When I look back on the presentations I was proud of making during my college days almost two decades ago, I shutter. Not because they weren’t impressive for my skill level at the time. Simply because they focused too much on showing off my PowerPoint skills that they lacked any true marketing strategy.
Over the past five years, I have dedicated a great deal of my time to studying how to not only create presentations that are visually appealing, but how to also create presentations that enhance what the audience is learning.
So, it’s safe to say that the Visual Stories that Sell with Prezi and Pixar presentation at SaaStr this year was one of my favorites. Below are the tips I took away that can help anyone enhance the presentations they are responsible for creating.
Start with Your Takeaway Message
Your takeaway message is the blueprint for your entire presentation. Every presentation should start with a central or controlling idea. It should start with a question that needs to be answered and build an emotional connection.
For example, in Pixar’s animated film Finding Nemo, the blueprint of the story is centered around the question, “Am I being a good parent?” It focuses on the theme of “Fear vs. Faith”, and it takes the audience down a storyline that answers the question, “Does fear keep one from being a good parent?”
Tip 1: When creating marketing or sales presentations, begin with the end in mind.
Utilize a 3 Point Structure Formula
Your presentation should follow a structure formula that includes an opening, a middle, and an end.
The opening starts with one side winning and establishes empathy for the audience. In Finding Nemo, fear is the emotion that is winning. After Merlin has lost his entire family and finds Nemo’s egg, he tells Nemo, “I’ll never let anything happen to you.”
The middle of your presentation is an argument that forces your audience to make a choice. You provide the unique insight that only you have to offer as to why your audience should make a certain choice.
In Finding Nemo, Merlin battles with the fear vs. faith argument throughout the middle section of the movie, and the audience is forced to decide which choice they hope he will make. Throughout the middle of the movie, Merlin chooses fear.
Finally, you end your presentation with the other side of the argument winning. In Finding Nemo, faith wins at the end when Merlin has to let Nemo go to find Dory and save her.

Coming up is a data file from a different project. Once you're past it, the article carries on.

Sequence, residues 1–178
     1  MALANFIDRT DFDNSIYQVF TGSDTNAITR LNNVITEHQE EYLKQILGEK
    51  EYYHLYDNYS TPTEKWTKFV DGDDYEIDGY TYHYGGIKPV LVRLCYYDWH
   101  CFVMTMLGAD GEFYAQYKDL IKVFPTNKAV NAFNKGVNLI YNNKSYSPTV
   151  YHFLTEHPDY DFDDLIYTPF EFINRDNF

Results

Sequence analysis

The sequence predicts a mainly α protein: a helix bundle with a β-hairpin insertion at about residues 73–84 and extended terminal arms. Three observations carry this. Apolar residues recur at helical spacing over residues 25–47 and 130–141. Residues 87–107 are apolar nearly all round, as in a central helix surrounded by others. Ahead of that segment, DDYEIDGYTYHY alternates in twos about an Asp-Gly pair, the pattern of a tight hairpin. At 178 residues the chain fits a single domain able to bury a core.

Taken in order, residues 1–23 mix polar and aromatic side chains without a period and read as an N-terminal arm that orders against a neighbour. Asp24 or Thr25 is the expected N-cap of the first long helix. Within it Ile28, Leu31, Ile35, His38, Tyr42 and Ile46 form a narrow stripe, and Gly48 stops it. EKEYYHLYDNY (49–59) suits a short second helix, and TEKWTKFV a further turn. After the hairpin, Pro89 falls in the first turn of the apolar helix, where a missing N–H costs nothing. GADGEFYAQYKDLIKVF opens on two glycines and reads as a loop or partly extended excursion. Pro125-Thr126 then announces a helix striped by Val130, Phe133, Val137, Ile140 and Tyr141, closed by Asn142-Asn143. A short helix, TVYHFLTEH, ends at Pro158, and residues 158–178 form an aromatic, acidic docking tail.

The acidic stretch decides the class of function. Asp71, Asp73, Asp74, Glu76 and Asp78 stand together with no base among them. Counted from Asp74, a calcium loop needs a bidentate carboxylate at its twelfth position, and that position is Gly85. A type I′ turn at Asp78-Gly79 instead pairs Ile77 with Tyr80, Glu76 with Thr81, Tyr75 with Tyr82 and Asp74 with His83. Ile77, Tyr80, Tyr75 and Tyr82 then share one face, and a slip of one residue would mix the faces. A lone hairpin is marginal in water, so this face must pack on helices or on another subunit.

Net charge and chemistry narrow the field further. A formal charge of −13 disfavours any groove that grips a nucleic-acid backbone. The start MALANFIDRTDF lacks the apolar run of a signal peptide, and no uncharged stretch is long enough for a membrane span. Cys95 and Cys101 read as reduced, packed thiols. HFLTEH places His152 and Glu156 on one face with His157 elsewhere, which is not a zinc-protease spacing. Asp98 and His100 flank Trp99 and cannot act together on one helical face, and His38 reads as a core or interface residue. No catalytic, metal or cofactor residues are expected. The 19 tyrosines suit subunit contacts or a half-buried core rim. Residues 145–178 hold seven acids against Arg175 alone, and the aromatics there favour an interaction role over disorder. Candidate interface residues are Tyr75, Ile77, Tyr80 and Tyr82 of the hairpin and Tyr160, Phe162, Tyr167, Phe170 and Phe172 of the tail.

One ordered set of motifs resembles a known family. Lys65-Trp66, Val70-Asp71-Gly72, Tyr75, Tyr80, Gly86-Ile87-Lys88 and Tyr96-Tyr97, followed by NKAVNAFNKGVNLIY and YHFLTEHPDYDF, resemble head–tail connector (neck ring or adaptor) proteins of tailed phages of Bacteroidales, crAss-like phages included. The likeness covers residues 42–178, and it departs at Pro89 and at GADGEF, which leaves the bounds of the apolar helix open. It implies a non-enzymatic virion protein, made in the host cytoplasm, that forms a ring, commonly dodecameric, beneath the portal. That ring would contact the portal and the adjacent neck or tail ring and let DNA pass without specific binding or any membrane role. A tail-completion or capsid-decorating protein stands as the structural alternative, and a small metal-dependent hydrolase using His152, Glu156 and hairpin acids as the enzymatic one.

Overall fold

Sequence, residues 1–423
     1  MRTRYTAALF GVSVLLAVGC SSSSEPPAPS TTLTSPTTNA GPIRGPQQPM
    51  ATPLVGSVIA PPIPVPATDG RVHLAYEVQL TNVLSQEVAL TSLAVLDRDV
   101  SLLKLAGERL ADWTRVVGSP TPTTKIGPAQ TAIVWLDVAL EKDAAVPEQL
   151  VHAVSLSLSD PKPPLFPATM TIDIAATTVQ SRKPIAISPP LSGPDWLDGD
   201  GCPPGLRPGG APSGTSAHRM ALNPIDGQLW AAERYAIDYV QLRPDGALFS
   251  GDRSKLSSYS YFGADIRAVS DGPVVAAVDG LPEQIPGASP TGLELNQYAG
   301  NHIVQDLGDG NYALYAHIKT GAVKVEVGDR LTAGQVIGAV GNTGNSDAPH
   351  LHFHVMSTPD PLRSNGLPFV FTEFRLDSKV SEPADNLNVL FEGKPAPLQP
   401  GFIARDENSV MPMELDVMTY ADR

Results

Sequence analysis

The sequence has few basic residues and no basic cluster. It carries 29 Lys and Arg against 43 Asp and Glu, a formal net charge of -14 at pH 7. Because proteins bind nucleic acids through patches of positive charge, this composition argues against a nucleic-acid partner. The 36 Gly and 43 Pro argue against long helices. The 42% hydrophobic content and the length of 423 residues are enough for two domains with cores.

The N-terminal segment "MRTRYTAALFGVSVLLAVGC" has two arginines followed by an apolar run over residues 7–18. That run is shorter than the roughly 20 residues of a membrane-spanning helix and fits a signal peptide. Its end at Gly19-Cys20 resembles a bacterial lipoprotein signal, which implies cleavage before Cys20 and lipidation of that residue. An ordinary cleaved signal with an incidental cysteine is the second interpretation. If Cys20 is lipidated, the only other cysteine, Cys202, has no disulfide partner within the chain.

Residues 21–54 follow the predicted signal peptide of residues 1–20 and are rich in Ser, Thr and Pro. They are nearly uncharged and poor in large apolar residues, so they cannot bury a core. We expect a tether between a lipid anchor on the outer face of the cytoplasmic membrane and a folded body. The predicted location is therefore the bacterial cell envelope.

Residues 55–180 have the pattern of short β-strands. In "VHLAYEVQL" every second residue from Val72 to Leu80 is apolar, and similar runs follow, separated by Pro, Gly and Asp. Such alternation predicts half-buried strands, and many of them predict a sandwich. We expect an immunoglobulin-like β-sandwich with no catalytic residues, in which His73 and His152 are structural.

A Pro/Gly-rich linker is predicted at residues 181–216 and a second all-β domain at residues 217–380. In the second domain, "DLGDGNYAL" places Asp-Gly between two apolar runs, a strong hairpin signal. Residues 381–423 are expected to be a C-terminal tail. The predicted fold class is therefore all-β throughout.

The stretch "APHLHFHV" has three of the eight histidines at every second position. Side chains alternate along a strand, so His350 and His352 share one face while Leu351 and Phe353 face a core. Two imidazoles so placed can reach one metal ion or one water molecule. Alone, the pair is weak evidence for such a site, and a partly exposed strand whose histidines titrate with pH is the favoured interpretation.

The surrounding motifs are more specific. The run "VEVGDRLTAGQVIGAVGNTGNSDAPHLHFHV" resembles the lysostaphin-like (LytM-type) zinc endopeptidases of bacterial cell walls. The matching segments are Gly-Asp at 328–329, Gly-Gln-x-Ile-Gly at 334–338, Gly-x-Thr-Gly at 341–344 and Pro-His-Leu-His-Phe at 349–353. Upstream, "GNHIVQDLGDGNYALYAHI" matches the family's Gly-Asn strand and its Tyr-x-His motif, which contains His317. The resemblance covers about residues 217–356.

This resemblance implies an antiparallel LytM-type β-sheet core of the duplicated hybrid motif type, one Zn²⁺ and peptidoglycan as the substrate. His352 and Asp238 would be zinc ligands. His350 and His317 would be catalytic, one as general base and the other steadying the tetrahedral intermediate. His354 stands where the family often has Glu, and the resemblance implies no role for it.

Tip 2: Take your audience down a path that forces them to choose between your primary question, while educating them on how you provide the tools they need to make the decision easy.
Use Imagery to Keep the Audience on a Journey
Your entire message should be summarized in one picture throughout the presentation. Studies show that messages with pictures and no text are 25% more effective.
When you have bullet points and text on a screen, studies have shown people understand you less than if you had
shown them nothing at all because they have to shift back an forth between your
text and what you’re saying. Text on a screen during a presentation is like forcing you to read a book and listen to the radio at the same time.
Practice Your Delivery
Once you have built your presentation, it is important that you practice it before delivering it to its intended audience. Ask your mock audience questions like:
- Do you care about the theme?
- Did I execute in a way that made you feel something?
Remember, you have to be willing to receive criticism if you want to improve your chance of success. Pixar screens a movie concept 8 times internally before the 9th time with a customer group to ensure they have created the best presentation.
Tip #3: Practice makes perfect. Get feedback on how to improve your presentation before you deliver it to your most important audience.
In marketing and sales, it is difficult to book a presentation with a prospect. Honor the meetings you do get with a great story and great deliverability.
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